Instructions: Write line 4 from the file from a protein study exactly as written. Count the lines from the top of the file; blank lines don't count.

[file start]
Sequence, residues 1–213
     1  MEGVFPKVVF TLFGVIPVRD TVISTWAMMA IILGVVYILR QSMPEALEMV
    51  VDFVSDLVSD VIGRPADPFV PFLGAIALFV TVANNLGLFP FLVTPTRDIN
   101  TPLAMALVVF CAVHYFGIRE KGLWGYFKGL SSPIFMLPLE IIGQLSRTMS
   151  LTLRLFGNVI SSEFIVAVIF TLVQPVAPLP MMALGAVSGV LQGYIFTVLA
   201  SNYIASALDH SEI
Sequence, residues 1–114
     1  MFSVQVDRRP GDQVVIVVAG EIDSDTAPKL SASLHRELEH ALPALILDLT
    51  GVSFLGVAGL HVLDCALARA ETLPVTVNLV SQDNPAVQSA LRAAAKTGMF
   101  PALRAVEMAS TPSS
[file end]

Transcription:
   101  TPLAMALVVF CAVHYFGIRE KGLWGYFKGL SSPIFMLPLE IIGQLSRTMS